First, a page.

When cloud collaboration goldenboy Box acquired a stealth content-discovery startup called dLoop last month, the deal was about a lot more than helping Box become this generation’s version of Autonomy. Box sees a lot of potential in dLoop’s machine learning technology to help the company evolve into a platform for developers and maybe even a pioneer in mobile content-management. Divya Jain, dLoop’s co-founder and now a software engineer at Box, will help lead that charge.
The dLoop technology uses machine learning algorithms and graph analysis to detect the similarities among documents and organize them into clusters that are searchable not just by keyword, but by relevance. The immediate benefits are obvious — Box users will be able to search for documents more confidently, knowing they’ll see everything they might need even if it doesn’t feature or even include a particular term. It’s helpful for security, too, Jain explained in recent interview, because companies can, for example, find all their documents relating to intellectual property — even those they might have otherwise missed — and apply the proper permissions to them.
It’s machine learning doing (arguably) what it does best — churning through and classifying data that might take humans untold days, weeks or months to do — but doing it on some rather difficult data types.
Given the complicated nature of dealing with documents and content, perhaps it’s fitting that Jain, along with dLoop co-founder Anurag Maunder, was the one to try tackling it. She has been working with content for years, first at Sun Microsystems on the SunONE Portal Server team from 2001 through 2005, then at e-discovery startup Kazeon and EMC (which acquired Kazeon in 2009) from 2005 through 2011. She got interested in machine learning in 2009 and by 2010 had completed a graduate certificate in data mining and analysis from Stanford.
Jain’s interest in machine learning wasn’t just a matter of personal interest, though — it was also a matter of timing. Technologies like Hadoop were coming of age, and the easy access to cloud computing resources (the same ones that helped spur Box’s growth after it launched in 2005) made it feasible for the first time to really do large-scale machine learning without buying and managing all the resources interally.
“Earlier, it was not even possible to cluster the amount of data we were seeing in the enterprise,” Jain said.
By early 2012, she and Maunder (who also founded Kazeon) had started dLoop, which was itself was the product of advances in big data, as well as the amount of content people were now storing in cloud services and Jain’s own document-search experience at Kazeon. The idea behind dLoop was to connect data from all those different places — Google, Box, Dropbox, etc. — and, as explained above, use machine learning to correlate them.
Within Box, though — which just raised another $100 million in venture capital and is eyeing an IPO — dLoop’s technology could help serve some less-obvious purposes than just automating document classification. “We care a great deal about making sure our platform continues to develop and evolve,” said Box Vice President of Engineering Sam Schillace.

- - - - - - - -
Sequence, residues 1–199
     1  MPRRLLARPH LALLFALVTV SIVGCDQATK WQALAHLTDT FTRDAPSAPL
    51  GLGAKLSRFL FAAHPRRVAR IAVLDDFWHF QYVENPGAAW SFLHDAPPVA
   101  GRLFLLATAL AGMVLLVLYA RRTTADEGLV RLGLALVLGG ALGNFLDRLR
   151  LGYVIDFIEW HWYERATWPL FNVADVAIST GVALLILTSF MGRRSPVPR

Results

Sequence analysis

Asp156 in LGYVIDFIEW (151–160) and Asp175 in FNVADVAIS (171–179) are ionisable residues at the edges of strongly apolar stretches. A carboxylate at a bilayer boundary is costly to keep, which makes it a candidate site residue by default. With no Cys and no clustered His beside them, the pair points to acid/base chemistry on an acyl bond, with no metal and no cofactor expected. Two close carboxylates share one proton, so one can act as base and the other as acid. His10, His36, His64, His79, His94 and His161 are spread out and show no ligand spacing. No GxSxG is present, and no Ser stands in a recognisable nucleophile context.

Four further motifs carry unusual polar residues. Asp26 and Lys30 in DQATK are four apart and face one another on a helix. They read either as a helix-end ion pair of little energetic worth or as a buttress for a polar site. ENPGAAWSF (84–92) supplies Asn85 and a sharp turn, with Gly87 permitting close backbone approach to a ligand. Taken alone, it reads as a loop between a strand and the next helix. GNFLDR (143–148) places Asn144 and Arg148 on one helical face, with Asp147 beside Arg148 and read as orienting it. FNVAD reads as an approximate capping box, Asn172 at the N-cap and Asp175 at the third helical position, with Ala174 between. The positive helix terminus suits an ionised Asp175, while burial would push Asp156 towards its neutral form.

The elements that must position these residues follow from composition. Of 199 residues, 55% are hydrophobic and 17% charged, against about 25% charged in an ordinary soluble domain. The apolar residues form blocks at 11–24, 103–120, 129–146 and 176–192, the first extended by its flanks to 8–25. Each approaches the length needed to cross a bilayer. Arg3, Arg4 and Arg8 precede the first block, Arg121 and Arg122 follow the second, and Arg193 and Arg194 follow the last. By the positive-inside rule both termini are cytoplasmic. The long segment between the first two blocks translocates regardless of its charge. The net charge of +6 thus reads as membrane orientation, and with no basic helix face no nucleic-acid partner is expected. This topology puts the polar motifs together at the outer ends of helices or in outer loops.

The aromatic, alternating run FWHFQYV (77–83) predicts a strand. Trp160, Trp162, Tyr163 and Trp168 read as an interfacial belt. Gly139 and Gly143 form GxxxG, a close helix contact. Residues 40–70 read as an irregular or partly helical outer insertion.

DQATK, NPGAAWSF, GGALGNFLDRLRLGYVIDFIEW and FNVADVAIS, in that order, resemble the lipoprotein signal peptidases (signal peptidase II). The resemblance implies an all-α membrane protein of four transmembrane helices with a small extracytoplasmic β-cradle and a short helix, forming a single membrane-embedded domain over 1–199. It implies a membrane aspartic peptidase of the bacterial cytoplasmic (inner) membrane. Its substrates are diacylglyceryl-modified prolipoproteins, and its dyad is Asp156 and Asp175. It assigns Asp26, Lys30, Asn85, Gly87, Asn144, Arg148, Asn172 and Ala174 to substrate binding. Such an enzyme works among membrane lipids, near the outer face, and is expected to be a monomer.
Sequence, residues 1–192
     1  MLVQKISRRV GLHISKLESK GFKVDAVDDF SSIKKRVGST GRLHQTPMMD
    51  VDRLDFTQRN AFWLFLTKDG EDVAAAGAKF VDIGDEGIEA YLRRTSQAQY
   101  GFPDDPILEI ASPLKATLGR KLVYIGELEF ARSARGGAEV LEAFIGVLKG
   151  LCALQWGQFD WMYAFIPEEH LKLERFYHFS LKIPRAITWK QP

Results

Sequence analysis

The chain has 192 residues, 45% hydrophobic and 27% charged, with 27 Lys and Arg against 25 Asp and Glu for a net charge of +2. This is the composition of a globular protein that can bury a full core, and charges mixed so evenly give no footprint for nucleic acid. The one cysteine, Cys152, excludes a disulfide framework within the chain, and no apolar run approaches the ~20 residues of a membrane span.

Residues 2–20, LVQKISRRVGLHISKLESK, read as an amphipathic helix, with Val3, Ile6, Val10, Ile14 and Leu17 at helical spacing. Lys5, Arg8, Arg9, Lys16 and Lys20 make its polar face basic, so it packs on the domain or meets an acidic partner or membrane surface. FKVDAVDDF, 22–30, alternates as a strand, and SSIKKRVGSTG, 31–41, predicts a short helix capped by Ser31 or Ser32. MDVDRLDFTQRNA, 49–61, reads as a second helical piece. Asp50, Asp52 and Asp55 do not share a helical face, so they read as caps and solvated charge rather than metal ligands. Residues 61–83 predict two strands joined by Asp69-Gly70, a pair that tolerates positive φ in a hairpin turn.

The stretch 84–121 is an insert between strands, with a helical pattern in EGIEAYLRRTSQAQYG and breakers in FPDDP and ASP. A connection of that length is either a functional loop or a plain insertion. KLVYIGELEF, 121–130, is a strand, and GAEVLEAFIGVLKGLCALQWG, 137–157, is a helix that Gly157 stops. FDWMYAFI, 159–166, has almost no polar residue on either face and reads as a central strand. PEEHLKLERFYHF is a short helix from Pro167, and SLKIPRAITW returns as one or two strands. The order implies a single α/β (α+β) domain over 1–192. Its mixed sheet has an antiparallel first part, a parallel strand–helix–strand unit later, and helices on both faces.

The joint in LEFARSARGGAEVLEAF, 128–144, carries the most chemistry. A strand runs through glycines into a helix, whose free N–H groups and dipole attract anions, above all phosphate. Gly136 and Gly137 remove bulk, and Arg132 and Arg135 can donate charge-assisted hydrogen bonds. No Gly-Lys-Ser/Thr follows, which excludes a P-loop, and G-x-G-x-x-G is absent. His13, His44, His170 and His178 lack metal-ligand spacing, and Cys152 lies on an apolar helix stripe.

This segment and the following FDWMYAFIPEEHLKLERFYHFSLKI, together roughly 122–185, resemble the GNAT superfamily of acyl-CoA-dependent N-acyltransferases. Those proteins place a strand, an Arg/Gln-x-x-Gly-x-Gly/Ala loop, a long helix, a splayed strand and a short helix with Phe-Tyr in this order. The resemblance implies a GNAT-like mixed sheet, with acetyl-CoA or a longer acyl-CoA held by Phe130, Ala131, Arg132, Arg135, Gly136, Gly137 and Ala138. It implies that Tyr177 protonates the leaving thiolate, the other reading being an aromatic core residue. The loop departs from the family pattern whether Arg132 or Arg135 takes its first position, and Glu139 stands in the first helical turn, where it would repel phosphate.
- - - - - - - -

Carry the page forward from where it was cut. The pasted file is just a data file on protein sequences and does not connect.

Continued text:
Box wants to be a developer platform, and embedding the dLoop capabilities into the platform will make it that much more appealing, he added. Machine learning could also help Box power better content recommendations and search results ranked by relevancy rather than keywords. Documents’ metadata could be valuable in this regard (e.g., who created a document and when might be telling), and Schillace also suggested some of the information gleaned via process could be used to annotate documents.
All of this potentially helps Box a great deal as it tries to tackle the mobile space, too. Schillace has previously discussed — during an interview earlier this year and again at our Structure conference in June — the importance of evolving the desktop-era Box platform into a more natural fit for the mobile era. He thinks the technology Jain helped create can directly impact the mobile experience “just by helping people find what they’re looking for faster.” (Box Founder and CEO Aaron Levie also discussed this topic, among others, during an appearance on our Structure Show podcast in September.)
Search would be a natural starting point because mobile users need the best stuff up high in the search results so they’re not forced to work through multiple screens. If Box were to get more into the structure of the documents, Schillace added, it could theoretically start surfacing relevant paragraphs, or even somehow treating paragraphs as separate documents, so users didn’t have to scan an entire file to find out whether it’s actually relevant to what they need.
In mobile, he said, “There’s now a premium about the server being intelligent about what it serves to you.”
Jain, who’s now leading Box’s data classification and advance content analysis efforts, is happy to be in a company that’s thinking about these types of uses for her technology and still nimble enough to actually pull them off. Even pushing 1,000 employees, in terms of size, legacy technologies and businesses, and culture, Box is still very much a startup compared with EMC.
“Personally,” Jain said, “I like the startup environment and startup culture much more than the big company thing.”